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The independent news website of The Kent Stater & TV2


The independent news website of The Kent Stater & TV2


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Freedom Paws: Training psychiatric support dogs on campus

Freedom Paw’s dog in training. (Courtesy of Freedom Paws.)

Kent State Freedom Paws is a student organization that provides care for service dogs in training, focusing on socializing the dogs on campus during their early stages of training, in hopes of finding where their services can be used best. 

President of Freedom Paws Kayla Jackey is a junior nursing major at Kent State. Her journey with Freedom Paws started her freshman year after discovering the group at the fall student organization fair. 

“Starting my junior year, the last president was graduating, so they were doing applications. I applied and got the position,” Jackey said. 

Freedom Paws raises dogs ranging from eight weeks to one year old, and trains them to become service animals. One of the most recently graduated dogs went on to become a PTSD service dog for a veteran, Jackey said. 

“We socialize the dogs a lot and they have to meet a lot of different people,” Jackey said. “And with that, they get experiences with the population of people who might have some mental health issues.” 

Kent State and its professors are a huge part of helping Freedom Paws by allowing the dogs on campus and into the classrooms, Jackey said.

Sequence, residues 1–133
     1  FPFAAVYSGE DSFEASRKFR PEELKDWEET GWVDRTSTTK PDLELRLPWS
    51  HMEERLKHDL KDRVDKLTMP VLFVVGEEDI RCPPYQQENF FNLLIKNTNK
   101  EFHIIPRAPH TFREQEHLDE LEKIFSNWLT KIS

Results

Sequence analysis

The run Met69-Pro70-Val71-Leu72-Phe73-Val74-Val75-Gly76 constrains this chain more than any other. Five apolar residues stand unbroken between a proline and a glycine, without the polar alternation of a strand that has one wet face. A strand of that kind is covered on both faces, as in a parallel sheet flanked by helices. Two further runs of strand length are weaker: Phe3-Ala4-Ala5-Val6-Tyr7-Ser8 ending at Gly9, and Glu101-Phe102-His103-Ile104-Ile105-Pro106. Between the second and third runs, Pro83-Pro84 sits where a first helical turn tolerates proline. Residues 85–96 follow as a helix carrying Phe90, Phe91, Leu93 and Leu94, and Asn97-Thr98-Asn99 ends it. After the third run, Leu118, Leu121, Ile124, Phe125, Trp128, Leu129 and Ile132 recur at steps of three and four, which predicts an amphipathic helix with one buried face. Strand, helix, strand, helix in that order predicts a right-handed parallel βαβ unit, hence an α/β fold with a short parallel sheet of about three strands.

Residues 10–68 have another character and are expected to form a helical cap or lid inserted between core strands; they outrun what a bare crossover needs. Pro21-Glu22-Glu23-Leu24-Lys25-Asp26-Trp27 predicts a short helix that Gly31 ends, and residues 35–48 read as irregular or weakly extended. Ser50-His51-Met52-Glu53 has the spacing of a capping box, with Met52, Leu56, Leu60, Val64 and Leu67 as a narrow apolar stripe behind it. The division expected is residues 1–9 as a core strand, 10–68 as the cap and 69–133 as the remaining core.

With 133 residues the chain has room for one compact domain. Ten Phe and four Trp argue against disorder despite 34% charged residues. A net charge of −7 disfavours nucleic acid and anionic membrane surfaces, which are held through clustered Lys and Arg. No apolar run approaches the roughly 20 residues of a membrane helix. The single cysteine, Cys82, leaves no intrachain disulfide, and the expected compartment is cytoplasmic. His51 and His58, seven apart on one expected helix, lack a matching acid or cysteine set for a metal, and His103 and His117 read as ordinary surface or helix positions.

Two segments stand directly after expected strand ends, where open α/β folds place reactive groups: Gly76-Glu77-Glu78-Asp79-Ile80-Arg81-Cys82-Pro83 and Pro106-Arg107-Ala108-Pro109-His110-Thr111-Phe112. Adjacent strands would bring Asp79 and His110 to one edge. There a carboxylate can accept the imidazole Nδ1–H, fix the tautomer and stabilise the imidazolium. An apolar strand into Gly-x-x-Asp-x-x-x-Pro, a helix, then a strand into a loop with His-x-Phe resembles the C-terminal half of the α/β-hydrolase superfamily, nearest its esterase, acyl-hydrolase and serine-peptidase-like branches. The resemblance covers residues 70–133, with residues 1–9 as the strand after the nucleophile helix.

In addition to the psychiatric support animals on campus, there is a small population of emotional service animals as well. Kent State Student Accessibility Services reports that there are about 125 students who have registered emotional support animals on campus. 

“Students should get connected with SAS to request an assistance animal accommodation. Our typical process is for students to provide documentation of their disability, and then for an assistance animal, we ask for some additional specific information about the animal. There is a form on our documentation guidelines page that can guide a student and their provider, or they can submit a letter with the same information. Overall, we are looking for evidence that the student has a disability and that the assistance animal provides a therapeutic relationship that alleviates the impact of the student’s disability.” Kent State Student Accessibility Services said. 

Freedom Paws gives students the opportunity to connect with dogs during their time at Kent, while also fulfilling a bigger purpose. 

“That whole process of seeing them helping people, it really makes all the hard work of training and the whole process worth it,” Jackey said. 

EmilyJo Jaeger is a reporter. Contact her at [email protected].

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